The invisible dish
Last month I put a small cream–colored dish down on a white radiator cover. A few days later I swept my hand along the radiator cover – I can’t think why – and banged into the dish. It wasn’t on a tray or a shelf; it didn’t have high contrast with its background. It was unprotected and in an unexpected place. It hit the floor and shattered. I felt shocked and sad and stupid. Not that the dish was valuable, but it held memories and had a place in my life.
Scanning is what sight does – no thought necessary
People who see well use their eyes to scan the table (or radiator cover). They see the dish and avoid it without a thought. No one remembers that the little dish, the mug or glass may be invisible or only a glint to someone with vision loss. And we – who know that many things are invisible now – forget it too.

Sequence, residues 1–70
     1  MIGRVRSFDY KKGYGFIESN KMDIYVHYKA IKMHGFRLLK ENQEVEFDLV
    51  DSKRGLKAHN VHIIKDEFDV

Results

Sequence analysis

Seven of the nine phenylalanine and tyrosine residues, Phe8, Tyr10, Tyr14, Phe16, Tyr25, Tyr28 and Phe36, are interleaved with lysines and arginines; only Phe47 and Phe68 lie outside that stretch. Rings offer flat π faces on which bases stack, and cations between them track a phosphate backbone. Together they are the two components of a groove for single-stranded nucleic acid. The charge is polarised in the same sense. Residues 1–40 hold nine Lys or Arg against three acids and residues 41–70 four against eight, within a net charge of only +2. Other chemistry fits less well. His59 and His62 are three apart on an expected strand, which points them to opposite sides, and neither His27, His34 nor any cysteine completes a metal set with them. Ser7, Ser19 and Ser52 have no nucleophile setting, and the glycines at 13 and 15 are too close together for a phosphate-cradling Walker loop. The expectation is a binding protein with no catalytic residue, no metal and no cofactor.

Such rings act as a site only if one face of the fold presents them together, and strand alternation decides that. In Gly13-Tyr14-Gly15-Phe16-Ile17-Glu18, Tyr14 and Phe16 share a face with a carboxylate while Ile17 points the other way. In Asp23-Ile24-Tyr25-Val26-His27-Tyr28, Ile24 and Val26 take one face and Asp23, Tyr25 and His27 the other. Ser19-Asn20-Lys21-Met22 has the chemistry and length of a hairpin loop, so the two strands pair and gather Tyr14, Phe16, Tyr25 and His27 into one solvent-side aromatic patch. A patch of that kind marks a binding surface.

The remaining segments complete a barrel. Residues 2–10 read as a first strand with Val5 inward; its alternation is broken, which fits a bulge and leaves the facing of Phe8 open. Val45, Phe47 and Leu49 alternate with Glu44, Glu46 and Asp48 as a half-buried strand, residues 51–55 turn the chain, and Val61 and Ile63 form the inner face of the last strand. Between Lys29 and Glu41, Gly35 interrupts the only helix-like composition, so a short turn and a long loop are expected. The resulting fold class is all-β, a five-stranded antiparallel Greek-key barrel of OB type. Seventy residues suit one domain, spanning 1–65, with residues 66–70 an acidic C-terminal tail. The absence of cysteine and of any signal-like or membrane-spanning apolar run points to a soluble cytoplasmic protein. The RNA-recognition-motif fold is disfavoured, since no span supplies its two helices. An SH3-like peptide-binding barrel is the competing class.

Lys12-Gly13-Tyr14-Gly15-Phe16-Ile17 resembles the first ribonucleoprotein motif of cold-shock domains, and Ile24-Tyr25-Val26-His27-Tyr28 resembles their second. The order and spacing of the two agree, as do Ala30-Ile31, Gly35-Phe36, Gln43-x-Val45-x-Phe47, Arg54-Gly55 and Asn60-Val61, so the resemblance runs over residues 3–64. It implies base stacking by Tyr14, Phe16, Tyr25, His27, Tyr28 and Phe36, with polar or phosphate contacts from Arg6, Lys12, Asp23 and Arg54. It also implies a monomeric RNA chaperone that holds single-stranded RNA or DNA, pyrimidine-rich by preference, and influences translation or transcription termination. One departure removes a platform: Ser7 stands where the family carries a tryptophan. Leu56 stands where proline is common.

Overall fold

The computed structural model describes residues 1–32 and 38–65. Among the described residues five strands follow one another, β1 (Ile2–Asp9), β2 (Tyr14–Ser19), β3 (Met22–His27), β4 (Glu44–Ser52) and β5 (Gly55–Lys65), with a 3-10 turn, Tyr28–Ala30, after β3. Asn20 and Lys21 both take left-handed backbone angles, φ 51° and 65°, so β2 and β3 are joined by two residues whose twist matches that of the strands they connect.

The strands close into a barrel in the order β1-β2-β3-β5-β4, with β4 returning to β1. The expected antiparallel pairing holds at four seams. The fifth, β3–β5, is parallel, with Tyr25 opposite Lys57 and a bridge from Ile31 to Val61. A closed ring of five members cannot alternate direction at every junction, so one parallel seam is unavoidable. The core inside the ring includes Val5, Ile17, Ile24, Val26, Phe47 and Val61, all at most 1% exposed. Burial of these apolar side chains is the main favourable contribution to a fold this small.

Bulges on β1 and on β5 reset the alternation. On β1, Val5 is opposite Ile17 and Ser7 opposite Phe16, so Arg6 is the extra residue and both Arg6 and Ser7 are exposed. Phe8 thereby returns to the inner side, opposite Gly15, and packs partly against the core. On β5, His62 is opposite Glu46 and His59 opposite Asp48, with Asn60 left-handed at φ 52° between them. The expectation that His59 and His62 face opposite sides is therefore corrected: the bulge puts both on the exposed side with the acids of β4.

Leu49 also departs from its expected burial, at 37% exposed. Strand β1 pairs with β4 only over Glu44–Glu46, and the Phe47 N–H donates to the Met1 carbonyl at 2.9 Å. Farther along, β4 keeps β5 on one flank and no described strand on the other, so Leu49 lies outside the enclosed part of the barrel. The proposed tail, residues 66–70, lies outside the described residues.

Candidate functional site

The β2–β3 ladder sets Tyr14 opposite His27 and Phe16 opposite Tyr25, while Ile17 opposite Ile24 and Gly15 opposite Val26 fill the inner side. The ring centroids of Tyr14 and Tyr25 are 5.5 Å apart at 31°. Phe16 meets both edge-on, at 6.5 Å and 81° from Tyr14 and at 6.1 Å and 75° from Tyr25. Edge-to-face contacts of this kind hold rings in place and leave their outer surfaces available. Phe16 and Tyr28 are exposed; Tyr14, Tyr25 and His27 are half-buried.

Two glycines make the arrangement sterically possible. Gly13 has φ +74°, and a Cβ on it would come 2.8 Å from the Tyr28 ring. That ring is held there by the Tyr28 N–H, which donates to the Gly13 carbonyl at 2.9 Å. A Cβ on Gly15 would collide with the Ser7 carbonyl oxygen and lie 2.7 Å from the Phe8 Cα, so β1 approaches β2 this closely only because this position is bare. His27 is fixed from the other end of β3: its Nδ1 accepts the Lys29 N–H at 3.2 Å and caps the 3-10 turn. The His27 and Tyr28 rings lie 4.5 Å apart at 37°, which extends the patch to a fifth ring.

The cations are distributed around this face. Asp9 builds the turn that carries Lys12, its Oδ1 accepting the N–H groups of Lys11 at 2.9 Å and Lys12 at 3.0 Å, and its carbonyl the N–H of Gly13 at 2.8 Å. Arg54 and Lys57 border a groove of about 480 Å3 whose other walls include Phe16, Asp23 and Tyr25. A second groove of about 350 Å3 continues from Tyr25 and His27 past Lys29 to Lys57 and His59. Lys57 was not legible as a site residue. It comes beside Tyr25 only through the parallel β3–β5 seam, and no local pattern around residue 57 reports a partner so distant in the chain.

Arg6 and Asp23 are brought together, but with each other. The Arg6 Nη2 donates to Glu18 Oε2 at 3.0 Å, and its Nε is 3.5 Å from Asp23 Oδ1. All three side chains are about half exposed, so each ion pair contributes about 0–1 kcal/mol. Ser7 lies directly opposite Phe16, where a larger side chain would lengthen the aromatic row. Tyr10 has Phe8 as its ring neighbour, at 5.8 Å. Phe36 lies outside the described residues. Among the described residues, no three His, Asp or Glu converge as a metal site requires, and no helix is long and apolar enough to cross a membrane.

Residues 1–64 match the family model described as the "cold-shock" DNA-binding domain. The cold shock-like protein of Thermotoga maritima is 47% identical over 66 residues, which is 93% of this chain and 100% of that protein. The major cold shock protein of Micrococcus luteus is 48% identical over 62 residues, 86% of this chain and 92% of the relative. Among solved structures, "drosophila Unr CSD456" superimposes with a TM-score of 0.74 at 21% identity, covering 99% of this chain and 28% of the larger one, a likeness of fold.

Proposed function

Teach yourself, then teach the family or helper
So step 1 is to teach ourselves. We have to learn that anything breakable left in an unexpected place is in danger. Then we have to help our families or roommates learn it too. Good habits of “don’t put it down, put it away” take time to establish because the comfortable old ways are much easier. But as breakages and distress add up, we will all learn. Here’s one way I have worked on at home and with lots of clients at the Carroll Center.
Use a visual aid – a bright-colored dishpan or tray
Put an orange tray or red dishpan next to the sink or in some other prominent place. If bright colors don’t suit your home, choose a color with high contrast to the countertop and the mugs and plates – black maybe. This will help everyone remember to put glasses, mugs and plates onto it after a snack. Of course if the glasses and plates go straight into the dishwasher, that’s even better. But something bold and bright helps everyone remember. This is about good organization, not just vision loss.
Keep it simple, cheerful and confident as much as you can. You could try something like this.
“Here’s a red dishpan. Can we put dishes into it when we’ve used them, so they’re safe?”
have to be a leader in keeping your home organized.
Good organization benefits everyone. You can be safe and move freely in a well-organized home. And it will become fully your home again.
What’s your tip for preventing breakages at home? Put it in the Comment Box below and help the rest of us.